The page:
Thursday, February 1, 2007
Focus On: Golfpac Travel
That’s where the “My Trip” tool on Golfpac Travel’s Website comes into play. My Trip is a password-protected subsite the company has devised in order for each member of a specific travel group to stay in touch with each other. The My Trip site gives the Group Leader and each member of the golf group the opportunity to review information and confirmations for golf, hotels, rental cars; view balances and payments; make payments and enter rooming lists.
Golfpac’s Vacation Finder, meanwhile, is just what the name suggests. A potential traveler can use the Vacation Finder tool on the site to select from one of more than a dozen domestic and international golf destinations, select the date of arrival and the number of nights and golf rounds desired, and select a price range. For example, target Orlando for five nights and four rounds in May 2007 (for $1,001 to $1,250), and you’ll get a price quote and online booking information at the Hyatt Regency Grand Cypress Resort and the Reunion Resort and Club.
“We let a customer build his own itinerary,” Hamilton says. “The Internet is there as a tool to use to gather information. A lot of product on the Internet basically isn’t regulated, so it’s nothing but a tool for gathering information and then making some evaluation as to the people behind the pages.
“One of the things we try to convey to people is that you can always find something cheaper out there, but where is it going to be after you buy it? Or when there’s a problem? We’re trying to educate people that it’s important not only to have a good product in front of you, but to make sure you’re dealing with a reputable company that stands behind its product and has been in business for some time.
“We have the ability to sort courses by price, so if you go in and do an alphabetical search, you can select a course by the price point,” Hamilton says. “We’re trying to give customers as many ways as possible to look at a product and give them a better understanding of where a course is and what it costs. We also have a hotel locator to let customers know when they’re nearby courses for first-day and last-day type of play. We’ve been pretty innovative in all those approaches in being able to put those programs in place.”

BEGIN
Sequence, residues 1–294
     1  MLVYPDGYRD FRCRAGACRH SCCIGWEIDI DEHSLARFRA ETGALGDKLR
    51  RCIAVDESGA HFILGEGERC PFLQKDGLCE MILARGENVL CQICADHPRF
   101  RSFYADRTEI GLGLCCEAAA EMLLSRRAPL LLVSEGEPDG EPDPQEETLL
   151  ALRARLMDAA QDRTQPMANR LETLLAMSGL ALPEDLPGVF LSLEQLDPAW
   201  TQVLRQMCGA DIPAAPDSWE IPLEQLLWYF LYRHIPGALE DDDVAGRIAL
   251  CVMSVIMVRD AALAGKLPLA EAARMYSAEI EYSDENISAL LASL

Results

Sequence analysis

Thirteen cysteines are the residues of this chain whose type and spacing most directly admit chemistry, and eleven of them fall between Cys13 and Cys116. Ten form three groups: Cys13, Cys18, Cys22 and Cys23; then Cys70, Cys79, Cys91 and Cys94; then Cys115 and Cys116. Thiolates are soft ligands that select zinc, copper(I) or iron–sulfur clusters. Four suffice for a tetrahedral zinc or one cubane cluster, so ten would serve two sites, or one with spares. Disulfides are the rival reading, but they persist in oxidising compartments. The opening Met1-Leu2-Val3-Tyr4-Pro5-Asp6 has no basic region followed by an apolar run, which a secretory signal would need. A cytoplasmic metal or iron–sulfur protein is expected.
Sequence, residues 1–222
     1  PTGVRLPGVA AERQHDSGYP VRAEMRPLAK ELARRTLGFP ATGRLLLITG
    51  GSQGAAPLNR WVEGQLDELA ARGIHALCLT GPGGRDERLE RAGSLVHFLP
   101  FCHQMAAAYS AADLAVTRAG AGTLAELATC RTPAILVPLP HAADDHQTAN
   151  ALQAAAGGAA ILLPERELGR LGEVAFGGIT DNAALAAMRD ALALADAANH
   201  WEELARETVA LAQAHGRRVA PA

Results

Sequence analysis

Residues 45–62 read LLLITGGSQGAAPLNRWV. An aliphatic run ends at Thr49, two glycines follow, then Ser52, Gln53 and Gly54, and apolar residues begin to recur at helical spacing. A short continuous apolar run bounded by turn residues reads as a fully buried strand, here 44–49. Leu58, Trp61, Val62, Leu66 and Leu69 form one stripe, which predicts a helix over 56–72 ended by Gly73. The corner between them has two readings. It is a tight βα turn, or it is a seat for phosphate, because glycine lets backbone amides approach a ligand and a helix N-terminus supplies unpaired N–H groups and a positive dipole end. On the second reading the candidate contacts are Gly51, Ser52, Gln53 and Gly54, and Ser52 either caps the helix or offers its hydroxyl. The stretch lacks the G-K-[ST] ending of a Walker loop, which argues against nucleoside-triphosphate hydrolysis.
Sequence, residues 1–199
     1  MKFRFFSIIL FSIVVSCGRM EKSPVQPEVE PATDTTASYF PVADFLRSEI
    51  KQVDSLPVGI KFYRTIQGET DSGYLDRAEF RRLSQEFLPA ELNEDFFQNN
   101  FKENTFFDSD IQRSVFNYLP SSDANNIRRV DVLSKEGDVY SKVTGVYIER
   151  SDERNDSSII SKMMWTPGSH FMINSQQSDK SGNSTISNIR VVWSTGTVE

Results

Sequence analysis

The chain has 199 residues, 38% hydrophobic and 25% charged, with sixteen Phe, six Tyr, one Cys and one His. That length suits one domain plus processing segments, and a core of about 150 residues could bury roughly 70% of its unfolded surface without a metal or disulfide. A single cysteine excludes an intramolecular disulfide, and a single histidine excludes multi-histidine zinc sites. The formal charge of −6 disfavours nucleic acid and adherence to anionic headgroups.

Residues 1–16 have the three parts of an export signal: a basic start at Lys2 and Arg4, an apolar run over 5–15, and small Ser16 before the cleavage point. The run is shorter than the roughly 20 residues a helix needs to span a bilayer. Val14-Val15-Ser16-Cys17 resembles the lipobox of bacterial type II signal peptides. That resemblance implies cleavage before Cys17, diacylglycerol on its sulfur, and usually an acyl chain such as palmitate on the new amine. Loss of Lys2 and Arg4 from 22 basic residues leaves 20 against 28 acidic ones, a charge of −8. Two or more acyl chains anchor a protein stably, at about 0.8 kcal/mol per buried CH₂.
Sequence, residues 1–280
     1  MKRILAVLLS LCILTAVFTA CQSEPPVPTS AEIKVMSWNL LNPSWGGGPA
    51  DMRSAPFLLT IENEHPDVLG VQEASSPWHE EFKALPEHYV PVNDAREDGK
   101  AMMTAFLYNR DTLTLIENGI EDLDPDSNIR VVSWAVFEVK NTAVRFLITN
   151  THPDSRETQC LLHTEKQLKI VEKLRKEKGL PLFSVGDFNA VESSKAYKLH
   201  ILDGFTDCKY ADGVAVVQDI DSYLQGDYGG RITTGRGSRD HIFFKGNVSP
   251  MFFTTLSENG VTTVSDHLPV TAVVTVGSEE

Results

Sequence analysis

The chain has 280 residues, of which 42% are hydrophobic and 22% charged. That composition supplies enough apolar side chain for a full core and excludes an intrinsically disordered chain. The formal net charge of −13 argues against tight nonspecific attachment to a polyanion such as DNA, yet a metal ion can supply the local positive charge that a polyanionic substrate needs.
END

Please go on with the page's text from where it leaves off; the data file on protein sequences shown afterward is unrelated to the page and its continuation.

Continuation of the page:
Golfpac also has an impressive record on the international travel scene. After all, not all golf travel companies can guarantee tee times on the Old Course at St. Andrews, but Golfpac, through its relationship with the Links Golf St. Andrews, can do just that.
Unless you’re fortunate enough to live in the Auld Grey Toon or be a member of the Royal & Ancient Golf Club, the most common way to get a tee time on the Old Course is through the daily lottery. But even that’s a crapshoot these days, making Golfpac’s deal with the Links Golf St. Andrews all the more valuable. Through a subsite, www.golfpacinternational.com, Golfpac can provide a list of departure dates where a package of six or more nights guarantees a round on the Old Course.
But whether it’s the Old Course, Carnoustie across the bay or Donald Ross’s home course of Royal Dornoch, there’s no shortage of golf in Scotland. And although the country is small, a first-time visitor can be a bit overwhelmed by it all. In other words, it helps to have some local knowledge, such as: You’re not guaranteed a tee time at the Old Course by staying at the Old Course Hotel; take a USGA handicap card with you, although you probably won’t need it; use balsamic vinegar, not catsup, on your French fries (or “chips”); and it’s usually best to wash down haggis with a good, single-malt scotch.
“We got into the international market 12 to 14 years ago,” Hamilton says. “What we realized early on is that we need to have good ground representatives. With about any [travel company] you can get a tee time, a car and a room, but an awful lot can go wrong.
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